Truck enforcement - really?
September 10, 2013
This morning's Northwest Herald carries an article about truck enforcement in McHenry County.
With all due respect to the reporter, the article was a joke. He no doubt believes the line of baloney he was fed for his article. And a reporter ought to be able to believe sources. It's not the reporter's fault when he reports what he is told.
But let's look at the content.
He is right that a "select" group monitors trucks. Since he mentioned McHenry County, you'd think that he might be including deputies of the McHenry County Sheriff's Department, because the big rigs might be mostly on County roads, outside municipalities. No city cops are roaming County roads. Is anyone?
Deputy Chief Birk, of the City of McHenry PD, is right. Overweight trucks damage roads and are dangerous in other ways.
Who are the "experts" referred to? "Enforcing" truck laws means writing tickets. "Educating" truck drivers and owners is a kind gesture.
The Sheriff's Department reportedly issued 191 tickets between 2009 and 2012. That's a four-year period. 191/4 = 50/year. Or one ticket a week. I'll bet if you look at the records, you'll see the bulk of the tickets were written in 2009 and 2010. Still, on the average, it's only one a week. Which is nothing, compared to the problem. Probably one ticket a day could be written. Why not?
Trucking company owners and farmers are powerful politically. And the load rolls downhill from there.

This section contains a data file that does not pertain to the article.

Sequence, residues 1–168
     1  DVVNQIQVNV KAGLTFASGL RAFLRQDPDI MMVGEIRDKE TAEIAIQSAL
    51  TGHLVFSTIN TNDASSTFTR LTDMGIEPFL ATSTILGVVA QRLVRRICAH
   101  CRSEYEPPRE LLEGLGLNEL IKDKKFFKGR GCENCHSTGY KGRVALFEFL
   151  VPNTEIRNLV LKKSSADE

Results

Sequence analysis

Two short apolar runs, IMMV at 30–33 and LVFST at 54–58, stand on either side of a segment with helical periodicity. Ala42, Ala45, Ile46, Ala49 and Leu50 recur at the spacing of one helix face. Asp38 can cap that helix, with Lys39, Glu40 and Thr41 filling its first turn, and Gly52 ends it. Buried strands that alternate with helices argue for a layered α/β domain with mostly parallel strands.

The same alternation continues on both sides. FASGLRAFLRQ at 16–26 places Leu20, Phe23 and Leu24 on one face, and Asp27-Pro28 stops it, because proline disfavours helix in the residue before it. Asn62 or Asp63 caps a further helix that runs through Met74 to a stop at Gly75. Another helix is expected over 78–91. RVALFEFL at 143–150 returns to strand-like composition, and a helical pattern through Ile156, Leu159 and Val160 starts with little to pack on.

The article says, "The department has one dedicated truck enforcement officer who also handles accident investigations and several deputies with specialized truck enforcement training."
What it doesn't say is who the "dedicated" truck enforcement deputy at MCSD is, how many hours he is on the road every week looking for truck violations, how many tickets he has written, etc. I don't know who that deputy is. In case Keith or Andy gets upset with me, that deputy and I have never communicated.
And who are the "several" deputies? Glad they have the training. It's too bad they aren't allowed to put their training to work. Has any one of them written even one ticket this year? And how many in the past three years? Twelve tickets in six months? Those deputies should either be allowed off the leash to do their jobs well, or they should be replaced.
Are there orders from the top of the food chain at MCSD to leave truckers alone? Only the deputies know...
The article further stated, "'Commercial motor vehicles and roadway safety are key to our economic recovery,' Undersheriff Andrew Zinke said. 'If drivers are operating illegally or unsafely, it is our responsibility to educate them and protect our community.'”
If that's not a political statement, I'll eat the newspaper page it's printed on. First of all, it doesn't make any sense. Secondly, it's wrong. Here's the correct statement: "If drivers are operating illegally or unsafely, it is the responsibility of the Sheriff's Department to cite them."
And this statement? "Load weight limits for 18-wheelers cannot exceed 80,000 pounds, the equivalent of 9,600 passenger cars driving over a section of roadway at the same time." No, it is absolutely not the equivalent, because the 9,600 cars are on their own set of four wheels, not piled atop one another. The load on an 18-wheeler is supported by four axles of four tires each, or 16 tires. That's what's breaking up our highways.
The McHenry County Sheriff's Dept. does not have an operating truck enforcement unit. It used to have one. It should have one. It does not have one.
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